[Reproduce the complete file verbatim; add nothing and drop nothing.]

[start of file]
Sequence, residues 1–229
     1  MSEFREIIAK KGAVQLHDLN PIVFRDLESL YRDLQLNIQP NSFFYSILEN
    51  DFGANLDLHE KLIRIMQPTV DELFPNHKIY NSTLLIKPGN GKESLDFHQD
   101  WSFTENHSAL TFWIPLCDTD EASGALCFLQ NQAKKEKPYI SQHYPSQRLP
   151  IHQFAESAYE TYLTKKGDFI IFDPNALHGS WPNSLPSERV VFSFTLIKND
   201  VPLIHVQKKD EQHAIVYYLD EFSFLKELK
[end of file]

Sequence, residues 1–229
     1  MSEFREIIAK KGAVQLHDLN PIVFRDLESL YRDLQLNIQP NSFFYSILEN
    51  DFGANLDLHE KLIRIMQPTV DELFPNHKIY NSTLLIKPGN GKESLDFHQD
   101  WSFTENHSAL TFWIPLCDTD EASGALCFLQ NQAKKEKPYI SQHYPSQRLP
   151  IHQFAESAYE TYLTKKGDFI IFDPNALHGS WPNSLPSERV VFSFTLIKND
   201  VPLIHVQKKD EQHAIVYYLD EFSFLKELK